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By: Cook County Emergency Management Director Mike Keyport

COOK COUNTRY, MINNESOTA April 11, 2021  (LSNIt’s spring in Cook County: the snow is melting; the rivers are beginning to flow; and there are signs of pussy willows, flowers and trees blossoming. And, of course, our much-anticipated warmer weather is coming.

Warmer weather brings the potential for severe weather, and we in Cook County need to be prepared.  To that end, the Minnesota Department of Public Safety, in conjunction with the National Weather Service, is promoting Severe Weather Awareness Week during the week of April 12-16.

April is a great time to begin preparing for severe weather, not only for local residents, but also for our businesses, schools and the community as a whole. By taking these steps now, we will be prepared and can take appropriate action when necessary.

Each day of Severe Weather Awareness Week highlights an important weather safety topic.

Monday: Alerts and Warnings

Following is a brief summary of the types of alerts we encounter:

  • Weather Warning: Dangerous weather or event is occurring or imminent and likely to have significant threat to life or property. Take protective action immediately.
  • Weather Watch: Weather conditions are favorable for hazardous weather. Stay alert, make alternate plans and be aware of shelter or evacuation routes.
  • Weather Advisory: A less hazardous weather condition is possible but not yet happening. Weather may still pose significant safety risk or travel problems. Stay alert. Cook County utilizes the Code Red alerting system; if you are not signed up, please visit to do so.

Tuesday: Severe Thunderstorms, Lightning and Hail

A typical thunderstorm is 15 miles in diameter, lasts for 30 minutes, can produce large hail and has winds of at least 58 mph. During such an event, a bolt of lightning can be over 5 miles in length and can strike up to 15 miles away from the center of the storm. No place outside is safe when thunderstorms are present: according to the National Weather Service, your chances of being struck by lightning are 1 in 12,000. 

Wednesday: Floods and Flash Floods

Floods are one the most common natural hazards in Minnesota. Flash floods develop quickly, leaving little time for preparation. Please do not ever walk or drive through moving water: 6 inches of moving water can carry away an adult, and 12 inches of moving water can carry away a car. State and federal authorities recommend having an evacuation plan and a “go kit” for such emergencies. You can check out  FEMA for more information.

Thursday: Tornado Drill Day

Minnesota averages 40 tornados per year but, in 2010, the state had the most tornados of any state in the U.S. with 113. Tornados can strike any time of the day but often occur in the late afternoon or evening. The National Weather Service will conduct a simulated tornado warning at 1:45 p.m. Thursday to allow schools, businesses and organizations to practice their tornado plans. A second simulated warning will occur at 6:45 p.m. This allows second-shift workers and families at home to practice their sheltering plans. Remember: severe weather and tornados occur most often between 3-8 p.m.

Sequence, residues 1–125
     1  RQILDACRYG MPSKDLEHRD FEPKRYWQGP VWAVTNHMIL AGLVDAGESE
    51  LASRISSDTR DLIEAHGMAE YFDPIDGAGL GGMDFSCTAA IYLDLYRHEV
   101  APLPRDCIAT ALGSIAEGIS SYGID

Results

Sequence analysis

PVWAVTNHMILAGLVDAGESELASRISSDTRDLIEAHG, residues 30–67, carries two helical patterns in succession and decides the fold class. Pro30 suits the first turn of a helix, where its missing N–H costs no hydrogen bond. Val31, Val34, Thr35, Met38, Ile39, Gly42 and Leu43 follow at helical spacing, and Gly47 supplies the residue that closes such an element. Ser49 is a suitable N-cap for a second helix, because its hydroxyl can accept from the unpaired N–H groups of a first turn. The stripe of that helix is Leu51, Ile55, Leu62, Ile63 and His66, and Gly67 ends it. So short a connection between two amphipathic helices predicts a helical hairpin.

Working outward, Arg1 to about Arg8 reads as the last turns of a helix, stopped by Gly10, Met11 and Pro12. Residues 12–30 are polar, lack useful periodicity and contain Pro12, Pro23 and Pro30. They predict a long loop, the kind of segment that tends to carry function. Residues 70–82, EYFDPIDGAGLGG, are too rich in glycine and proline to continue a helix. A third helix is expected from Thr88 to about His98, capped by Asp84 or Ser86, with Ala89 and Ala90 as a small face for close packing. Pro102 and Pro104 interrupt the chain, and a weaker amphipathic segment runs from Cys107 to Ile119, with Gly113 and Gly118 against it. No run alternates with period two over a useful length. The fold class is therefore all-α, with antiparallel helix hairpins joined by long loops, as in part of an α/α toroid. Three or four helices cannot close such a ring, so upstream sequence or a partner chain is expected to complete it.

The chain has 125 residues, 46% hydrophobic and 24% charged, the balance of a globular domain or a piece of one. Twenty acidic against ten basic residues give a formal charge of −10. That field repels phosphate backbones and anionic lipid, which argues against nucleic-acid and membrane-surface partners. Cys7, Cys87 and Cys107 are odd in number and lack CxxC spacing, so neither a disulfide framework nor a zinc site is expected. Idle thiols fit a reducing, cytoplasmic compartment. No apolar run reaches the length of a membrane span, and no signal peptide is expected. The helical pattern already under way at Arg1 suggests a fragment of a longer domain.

Friday:  Extreme Heat

Heat-related fatalities happen every year throughout the U.S., and Minnesota is no exception. Heat cramps are muscular pains and spasms that are caused by exposure to high heat combined with loss of fluids. The cramps usually occur in the legs or abdomen. Heat exhaustion typically involves the loss of body fluids through heavy sweating during strenuous exercise or physical labor. Signs of heat exhaustion include cool, moist, pale or flushed skin; heavy sweating; headache; nausea; dizziness; and exhaustion. Heat stroke (also known as sunstroke) is a life-threatening condition in which a person’s temperature control system stops working and the body is unable to cool itself. Signs of heat stroke include hot, red skin which may be dry or moist; changes in consciousness; vomiting; and high body temperature. If this occurs, you need to call 911 immediately.

Additional information on Severe Weather Awareness Week is available in the weather safety section on the Minnesota Department of Public Safety’s Homeland Security and Management web page and also the National Weather Service website. Planning is key to being prepared for any severe weather event, so please take time to plan emergency responses with your family. If we do that, watch the sky and listen to advanced warnings, we can each do our part in keeping Cook County safe.

County Connections is a column on timely topics and service information from your Cook County government. Cook County – Supporting Community Through Quality Public Service

By: Cook County Emergency Management Director Mike Keyport

County Connections is a column on timely topics and service information from your Cook County government. Cook County – Supporting Community Through Quality Public Service.

#LSN_News #LSN_MNNews #LSN_CookCounty 

A big Thank You to all our supporters across  Northern Minnesota, 


About Cook County Minnesota

Cook County Coronavirus Response Hub

Cook Country Minnesota Lake Superior News

Cook County is at the tip of Minnesota's Arrowhead region in the remote northeastern part of the state, stretching from the shores of Lake Superior to the US-Canada border. By land it borders Ontario, Canada to the north, and Lake County, MN to the west.  The highest point in Minnesota, Eagle Mountain is 2,301 feet and the highest lake,  Total Area equals 3,339.72 sq miles

Cook County is home to three national protected areas:
Grand Portage National Monument
Superior National Forest
Boundary Waters Canoe Area Wilderness

Cook County include:
 Grand Marais     Lutsen Mountains
 Gunflint Trail      Superior Hiking Trail
 Grand Portage 

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